Heartening news it is and that is pun intended. Five months after Mumbai witnessed its first successful heart transplant, there was a fifth heart transplant in the city. A 52-year-old received a donor organ from Surat.
The donor was a 43 year-old man who died in an accident a few days earlier, after a car hit his two-wheeler. He was declared brain dead at the hospital. It is good to know that families are becoming more aware about organ donation and we are seeing at least some movement and willingness on the part of people, to give and let live. With increasing awareness, people are approaching NGOs working in the field of cadaver donation, who are helping families on the correct path, when it comes to cadaver donation.
This liaising is extremely important, as sometimes we see that people who have good intentions and actually want to donate their loved one’s organs, do not quite know how to go about it. It is here that awareness and information plays a huge part. It is time for all agencies, including the government to go all out to publicise cadaver donation, clear grey areas, set up a Frequently Asked Questions (FAQ) and answers campaign, maybe on social media to clear so many myths that continue to shroud organ pledging and donation.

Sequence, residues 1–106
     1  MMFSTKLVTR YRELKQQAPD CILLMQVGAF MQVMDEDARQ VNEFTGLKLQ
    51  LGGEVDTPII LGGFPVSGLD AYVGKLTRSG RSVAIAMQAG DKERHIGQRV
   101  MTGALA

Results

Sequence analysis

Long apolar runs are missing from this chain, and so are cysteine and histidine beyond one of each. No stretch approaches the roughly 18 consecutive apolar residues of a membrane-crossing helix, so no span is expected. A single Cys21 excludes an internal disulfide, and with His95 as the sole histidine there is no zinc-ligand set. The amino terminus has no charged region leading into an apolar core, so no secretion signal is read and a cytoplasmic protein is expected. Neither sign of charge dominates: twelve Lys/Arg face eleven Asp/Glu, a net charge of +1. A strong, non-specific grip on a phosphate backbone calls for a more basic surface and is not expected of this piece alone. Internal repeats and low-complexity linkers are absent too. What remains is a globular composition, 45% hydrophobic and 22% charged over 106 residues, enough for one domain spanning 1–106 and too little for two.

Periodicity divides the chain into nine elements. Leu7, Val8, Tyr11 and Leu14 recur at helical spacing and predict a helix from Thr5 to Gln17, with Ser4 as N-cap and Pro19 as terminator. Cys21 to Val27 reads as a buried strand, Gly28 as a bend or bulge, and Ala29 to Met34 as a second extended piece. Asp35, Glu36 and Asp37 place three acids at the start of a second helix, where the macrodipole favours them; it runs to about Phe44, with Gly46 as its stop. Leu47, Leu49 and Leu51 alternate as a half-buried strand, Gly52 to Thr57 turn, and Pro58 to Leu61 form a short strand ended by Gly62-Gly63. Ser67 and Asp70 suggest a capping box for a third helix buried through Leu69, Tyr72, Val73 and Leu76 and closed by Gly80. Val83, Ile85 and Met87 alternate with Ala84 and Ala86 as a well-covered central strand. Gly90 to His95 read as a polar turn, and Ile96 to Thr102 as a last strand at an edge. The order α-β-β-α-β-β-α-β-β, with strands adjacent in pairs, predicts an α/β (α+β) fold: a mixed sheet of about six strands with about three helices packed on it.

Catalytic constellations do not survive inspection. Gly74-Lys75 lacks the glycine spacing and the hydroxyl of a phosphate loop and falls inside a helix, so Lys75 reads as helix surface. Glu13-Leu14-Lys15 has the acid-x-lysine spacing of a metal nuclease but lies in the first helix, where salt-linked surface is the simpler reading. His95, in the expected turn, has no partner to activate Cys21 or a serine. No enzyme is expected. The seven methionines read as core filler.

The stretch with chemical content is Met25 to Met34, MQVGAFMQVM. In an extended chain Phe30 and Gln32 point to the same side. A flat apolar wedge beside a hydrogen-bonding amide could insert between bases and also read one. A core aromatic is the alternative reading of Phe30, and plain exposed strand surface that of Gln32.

These transplants, which have received good play in the press, must act as a spur for the movement of cadaver donation. Let all organizations working in the field actually use this news as leverage, and persuade even more people to pledge to become donors.
In the past, doctors and organisations working in the field, have rued the fact that they have a number of obstacles when it comes to pledging and donation. Religion is primary, as many people that their religion does not allow them to pledge their organs. Superstitions like if you pledge an organ, you will be born without that in your next birth, are rife too.
Slowly, but surely, the walls must come down and cadaver donation should become the norm rather than a pleasant exception.